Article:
I received this book via Publisher. This does not affect my opinion of the book or the content of this review.Light Chaser by Peter F. Hamilton, Gareth L. Powell
Published by Tordotcom on 2021-08-24
Length: 178 pages
Reviewing ARC from Publisher
Reading Challenges: 2021 New Release Challenge, COYER 2021
In Peter F. Hamilton and Gareth L. Powell's action-packed sci-fi adventure Light Chaser, a love powerful enough to transcend death can bring down an entire empire.
Amahle is a Light Chaser – one of a number of explorers, who travel the universe alone (except for their onboard AI), trading trinkets for life stories.
But when she listens to the stories sent down through the ages she hears the same voice talking directly to her from different times and on different worlds. She comes to understand that something terrible is happening, and only she is in a position to do anything about it.
And it will cost everything to put it right.
This little novella had everything I enjoy about space operas in one tiny package. Light Chaser by Peter F. Hamilton, Gareth L. Powell follows the story of Amahle, one of a number of explorers who travel the universe alone, visiting distant planets and collecting memory collars for the inhabitants of Glisten. These collars record everything a person is thinking and experiencing while wearing them. Because Amahle’s circuit has her visiting these planets once a millenia, several generations are stored on the collars and viewed by Amahle to pass her time on the ship while traveling. When one name keeps recurring in the memories she watches, Amahle begins to question the people she works for and her long existence as a Light Chaser.
I really liked Amahle. She’s lived for millenia, forgetting her older memories to make room for the new and current ones. Somewhat content with her life aboard her ship with just the AI for comfort, Amahle still feels as if something is missing, if only she could remember what. Her interactions with people from various planets play out through both the memory collars and her current stops. The back and forth between present and memories can often be confusing, but rewarding if you persevere through it.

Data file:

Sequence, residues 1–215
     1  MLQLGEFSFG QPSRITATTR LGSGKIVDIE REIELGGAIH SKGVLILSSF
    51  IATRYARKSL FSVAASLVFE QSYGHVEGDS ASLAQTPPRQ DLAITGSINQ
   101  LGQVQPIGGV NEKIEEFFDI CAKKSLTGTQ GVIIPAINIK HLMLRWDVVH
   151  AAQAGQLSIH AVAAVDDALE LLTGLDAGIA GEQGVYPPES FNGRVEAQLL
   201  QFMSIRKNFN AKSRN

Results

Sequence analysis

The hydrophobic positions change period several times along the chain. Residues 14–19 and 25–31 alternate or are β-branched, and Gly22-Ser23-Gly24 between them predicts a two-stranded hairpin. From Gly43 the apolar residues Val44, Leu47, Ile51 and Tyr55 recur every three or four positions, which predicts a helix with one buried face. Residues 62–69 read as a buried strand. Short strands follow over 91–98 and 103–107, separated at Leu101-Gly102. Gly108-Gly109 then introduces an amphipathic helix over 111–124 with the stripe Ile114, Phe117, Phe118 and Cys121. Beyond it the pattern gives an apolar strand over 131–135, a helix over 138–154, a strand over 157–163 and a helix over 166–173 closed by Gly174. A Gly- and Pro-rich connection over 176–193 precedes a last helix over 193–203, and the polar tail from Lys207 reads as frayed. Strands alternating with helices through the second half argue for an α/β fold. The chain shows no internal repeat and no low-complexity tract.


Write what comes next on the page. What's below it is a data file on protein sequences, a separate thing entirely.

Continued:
I was surprised at the amount of world-building the authors were able to pack into such a short novella. It’s immersive, told entirely through Amahle and the memory collars. The universe is fascinating, and Amahle’s job even more so. I was curious to find out more about the people she worked for, how she was able to live such a long life, and the different planets colonized by humans. The plot increased my curiosity with the introduction of Carloman. He gives Amahle a number that to her makes no sense and continues to pop up on different worlds as different people. Who is he and what does he want with Amahle? These questions play out throughout the climax of the book, adding suspense and a touch of thrill to the story.
Overall, I really enjoyed Light Chaser. For such a short novella (clocks in at just under 170 pages), the authors tell a lot of story. Amahle and Carloman will stick with me for a while. If you are looking for a quick sci-fi read, I highly recommend it.
Final Thought: Light Chaser packs a lot of story into a small package with a well thought-out universe and an interesting leading character sure to please any sci-fi fan.